Misled and betrayed: Camp Lejeune contamination survivors have waited decades for justice
It took over a decade for the Department of Defense to admit that the water at the Camp Lejeune Marine base in North Carolina was contaminated, long after the toxic chemicals were first discovered. Since then, veterans have been fighting to hold government agencies accountable and receive compensation.
At a recent town hall dedicated to the water-contamination issues at Camp Lejeune, Erin Brockovich, the environmentalist, consumer advocate, and legal consultant, introduced a gruff, slightly older man with close-cropped greying hair.
“So Jerry, is a master sergeant in the Marines. And his daughter got very ill, and she died. And he later learned on the TV it was because of the cover up of the contamination at Camp Lejeune, where the government never informed the military or their families, what they had done," Brokovich said.
She’s talking about Jerry Ensminger, a retired Marine Corps Master Sergeant, who lost his 9-year-old daughter, Janey, to childhood leukemia in 1985. Many years later, studies confirmed the chemicals found in the water on base were linked to numerous cancers, including childhood leukemia.
“The reason no one knew is because the United States Government deliberately and consciously concealed and hid the information from these families,” Brockovich said.
Many veterans, their families, and those contracted to work on the base were not informed by the US Military of the contamination when internal studies confirmed the presence of toxins in the early 1980s.
In 1999, the Marine Corps began telling former base residents that they “may” have consumed contaminated water. As time passed and more information came to light, it was clear that the Corps had not been forthcoming.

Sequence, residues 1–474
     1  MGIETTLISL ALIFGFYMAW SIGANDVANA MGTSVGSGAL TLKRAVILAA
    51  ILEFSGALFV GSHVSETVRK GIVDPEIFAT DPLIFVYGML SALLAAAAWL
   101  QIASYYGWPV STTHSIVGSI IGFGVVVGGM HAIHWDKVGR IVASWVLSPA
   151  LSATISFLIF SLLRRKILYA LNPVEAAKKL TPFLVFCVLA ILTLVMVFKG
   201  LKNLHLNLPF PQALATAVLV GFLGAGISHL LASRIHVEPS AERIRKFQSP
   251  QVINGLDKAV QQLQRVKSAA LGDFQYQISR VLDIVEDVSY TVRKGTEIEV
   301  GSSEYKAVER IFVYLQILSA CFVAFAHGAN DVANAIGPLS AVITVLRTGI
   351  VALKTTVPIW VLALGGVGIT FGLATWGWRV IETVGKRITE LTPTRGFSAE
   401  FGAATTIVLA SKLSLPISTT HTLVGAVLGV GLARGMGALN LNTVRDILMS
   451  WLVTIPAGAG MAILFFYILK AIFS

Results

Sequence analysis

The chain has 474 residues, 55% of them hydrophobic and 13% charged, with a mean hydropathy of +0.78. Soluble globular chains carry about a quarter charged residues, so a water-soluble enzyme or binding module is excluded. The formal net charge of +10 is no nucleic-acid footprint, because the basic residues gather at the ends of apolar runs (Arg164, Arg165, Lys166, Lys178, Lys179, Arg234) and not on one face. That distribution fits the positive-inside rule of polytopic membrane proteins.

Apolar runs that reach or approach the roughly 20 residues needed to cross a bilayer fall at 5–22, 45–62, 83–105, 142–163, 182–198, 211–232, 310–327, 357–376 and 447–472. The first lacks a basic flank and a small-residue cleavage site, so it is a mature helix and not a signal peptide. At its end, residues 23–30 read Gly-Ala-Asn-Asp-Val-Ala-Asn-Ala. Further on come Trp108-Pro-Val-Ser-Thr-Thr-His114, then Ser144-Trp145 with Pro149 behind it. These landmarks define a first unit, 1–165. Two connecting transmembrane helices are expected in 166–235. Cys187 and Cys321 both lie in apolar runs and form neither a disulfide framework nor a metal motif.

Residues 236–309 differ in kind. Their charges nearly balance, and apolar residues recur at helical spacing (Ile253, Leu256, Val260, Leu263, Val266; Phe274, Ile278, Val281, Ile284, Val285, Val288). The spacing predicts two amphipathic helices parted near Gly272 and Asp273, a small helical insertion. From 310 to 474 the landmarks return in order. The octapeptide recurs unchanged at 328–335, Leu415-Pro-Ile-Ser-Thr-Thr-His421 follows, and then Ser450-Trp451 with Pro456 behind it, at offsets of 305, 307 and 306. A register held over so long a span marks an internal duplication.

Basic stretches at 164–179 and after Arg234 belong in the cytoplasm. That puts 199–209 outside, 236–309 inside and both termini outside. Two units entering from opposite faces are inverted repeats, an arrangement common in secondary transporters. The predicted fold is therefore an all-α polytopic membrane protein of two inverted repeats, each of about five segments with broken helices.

That’s something Ensminger spoke about pointedly:
“They obfuscated facts," he said. "They told half truths, a lot of total lies.”
At one point, the military even tried to put blame on the EPA for not having guidelines in place for toxin levels in water. But eventually, Congress forced the military’s hand.
In 2008, the Marine Corps began a Congressionally required notification campaign to notify former base residents of the issue.
The chemicals found in the water were tetrachloroethylene, trichloroethylene, vinyl chloride, and benzene. All of these chemicals are known to be hazardous to human health.
Mike Partain, a son of a Marine born in 1968 on Camp Lejeune, developed male breast cancer later in life. He thought nothing of Lejeune other than it was the place he was born. But when he watched Ensminger’s testimony on CNN, he immediately connected the dots.
“I mean, between Jerry and I, we've testified 11 times in Congress, and trying to get the story out, because the original narrative was, it was a dry cleaner that was responsible, and a lot of people, a lot of Marines believed it was ABC dry cleaner that poisoned the water And that's not the case," Partain said.
Ensminger criticized the legal policy of Sovereign Immunity, which in many cases means people can’t sue government bodies. He says it’s the one thing the Americans decided to keep from British monarchy rule. This is what the US Military tried to lean on in the early stages of lawsuit filings.
“I mean, that's an abuse of a privilege that they were provided,” Ensminger said.
Ensminger was proud to have been in the corps, having a hand in training around 2000 troops on Parris Island, South Carolina, as a drill instructor.
“I instilled in them our motto, Semper Fidelis, which means always faithful," he said. "And our slogan, we take care of our own.”
Ensminger compared the situation to what happened at Penn State when Jerry Sandusky was found guilty of raping young men and boys at summer football camps. The University fought tooth and nail to protect itself, Ensminger said, as an analogy to the Marine Corps:
“And the Marine Corps did the same thing to us. They belied their own motto. We were faithful to them. But respect and faith is a two-way street. As a leader you’ve got to respect your troops for them to respect you," he said.
Congress has taken action, most recently with President Joe Biden signing the Camp Lejeune Justice Act of 2022 in August. The language of the act is very clear: “Anyone exposed to water at Camp Lejeune for at least 30 days between August 1, 1953, and December 31, 1987, can file a claim for injuries sustained by such exposure.”
Victims have until August 10, 2024 to submit a claim.